AAFP: ‘Worry Free’ Direct Protocols Key to Data Exchange

Use of the Direct Project protocols for secure messaging of protected health information in a ubiquitous and “worry free” environment would represent a major breakthrough for interoperable health data exchange, according to the American Academy of Family Physicians.

For your consideration: Explaining the Direct Project

AAFP recently sent a comment letter to the Office of the National Coordinator for Health Information Technology in response to a request for information on governance of the Nationwide Health Information Network. AAFP cited three conditions necessary for optimal use of Direct protocols:

Direct standard integration with certified electronic health record technologies. “As the number of providers and hospitals who have adopted and are now using certified EHR technology grows, the tendency is for users to want all of the functionality for care management to occur within the ‘interface’ of their chosen EHR. Therefore, the integration of clinical messaging via the Direct protocols and specifications becomes more and more important with each passing month.”

Establishment and maintenance of a security and trust framework. “In order for this to occur, we believe that industry participants who provide Directed exchange services must be held accountable to a code of conduct that is enforceable, transparent to all parties, and flexible enough to accommodate change, innovation and competition within the market place. To build this trust, the infrastructure requires not only standards and technology, but also a coherent collective agreement.”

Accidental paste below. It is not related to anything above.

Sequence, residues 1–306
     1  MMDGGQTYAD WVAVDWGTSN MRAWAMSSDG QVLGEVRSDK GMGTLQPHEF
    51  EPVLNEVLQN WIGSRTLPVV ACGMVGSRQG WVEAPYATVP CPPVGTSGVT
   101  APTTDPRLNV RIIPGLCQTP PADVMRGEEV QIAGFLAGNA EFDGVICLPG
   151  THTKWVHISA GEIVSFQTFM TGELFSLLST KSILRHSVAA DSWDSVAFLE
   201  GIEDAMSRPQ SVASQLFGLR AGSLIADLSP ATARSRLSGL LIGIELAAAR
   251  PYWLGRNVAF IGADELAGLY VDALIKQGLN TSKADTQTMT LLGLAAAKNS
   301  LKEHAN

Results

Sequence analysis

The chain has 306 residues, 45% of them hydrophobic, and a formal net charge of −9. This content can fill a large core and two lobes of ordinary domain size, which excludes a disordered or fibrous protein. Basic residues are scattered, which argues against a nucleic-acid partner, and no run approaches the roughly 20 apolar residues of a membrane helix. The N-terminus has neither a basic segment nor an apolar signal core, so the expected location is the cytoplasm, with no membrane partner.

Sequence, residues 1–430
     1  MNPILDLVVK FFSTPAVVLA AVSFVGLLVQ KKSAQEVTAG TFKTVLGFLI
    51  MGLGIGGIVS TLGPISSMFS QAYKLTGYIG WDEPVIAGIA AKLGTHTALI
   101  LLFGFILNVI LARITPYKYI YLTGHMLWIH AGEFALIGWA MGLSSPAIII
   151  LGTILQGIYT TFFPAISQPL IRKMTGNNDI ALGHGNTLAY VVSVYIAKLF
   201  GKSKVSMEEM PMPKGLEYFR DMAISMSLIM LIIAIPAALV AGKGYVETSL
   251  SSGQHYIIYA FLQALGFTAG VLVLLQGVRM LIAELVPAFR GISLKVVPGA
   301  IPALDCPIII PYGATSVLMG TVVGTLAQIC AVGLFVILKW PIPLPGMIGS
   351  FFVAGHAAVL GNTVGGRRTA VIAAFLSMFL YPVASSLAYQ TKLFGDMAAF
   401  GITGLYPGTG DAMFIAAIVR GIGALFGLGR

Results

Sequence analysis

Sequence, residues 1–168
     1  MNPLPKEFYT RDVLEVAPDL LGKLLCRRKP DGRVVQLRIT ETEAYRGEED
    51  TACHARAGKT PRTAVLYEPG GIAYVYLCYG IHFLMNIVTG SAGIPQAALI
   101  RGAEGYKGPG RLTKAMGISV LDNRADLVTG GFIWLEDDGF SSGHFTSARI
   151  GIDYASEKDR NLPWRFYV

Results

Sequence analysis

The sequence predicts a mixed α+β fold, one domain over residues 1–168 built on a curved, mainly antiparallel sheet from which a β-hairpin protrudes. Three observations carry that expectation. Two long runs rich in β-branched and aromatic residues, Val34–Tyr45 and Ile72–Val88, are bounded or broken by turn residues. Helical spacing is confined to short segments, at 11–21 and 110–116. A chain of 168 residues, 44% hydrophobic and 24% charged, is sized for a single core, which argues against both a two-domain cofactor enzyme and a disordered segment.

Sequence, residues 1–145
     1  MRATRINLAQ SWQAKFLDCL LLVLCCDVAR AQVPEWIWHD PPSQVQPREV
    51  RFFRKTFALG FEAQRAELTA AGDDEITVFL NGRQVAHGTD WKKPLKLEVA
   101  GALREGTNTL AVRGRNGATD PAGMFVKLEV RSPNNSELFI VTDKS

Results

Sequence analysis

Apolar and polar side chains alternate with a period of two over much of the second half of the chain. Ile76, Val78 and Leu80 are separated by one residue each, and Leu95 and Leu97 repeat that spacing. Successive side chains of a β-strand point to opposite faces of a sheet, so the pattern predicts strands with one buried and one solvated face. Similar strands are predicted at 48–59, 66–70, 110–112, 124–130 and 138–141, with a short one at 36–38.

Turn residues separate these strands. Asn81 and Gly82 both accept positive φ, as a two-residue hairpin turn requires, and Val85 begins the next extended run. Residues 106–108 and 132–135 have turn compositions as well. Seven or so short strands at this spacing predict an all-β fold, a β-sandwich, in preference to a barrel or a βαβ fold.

Predictability in the health information technology market. “If there is to be orderly and sustainable growth of Directed exchange in the United States, the market composed of the entities who are essential service providers, e.g. HISPs, CAs, EHRs and Personal Health Records, must be presented with clear and consistent signals regarding the commitment of the federal agencies involved in promoting health data and information exchange standards. Lacking those signals, the effects of uncertainty, confusion and non-standard or arbitrary instances of local governance of Direct may delay the investments and resources that these vendors need to make in order to be ready to meet market demand.”

AAFP’s comment letter to ONC is available here.

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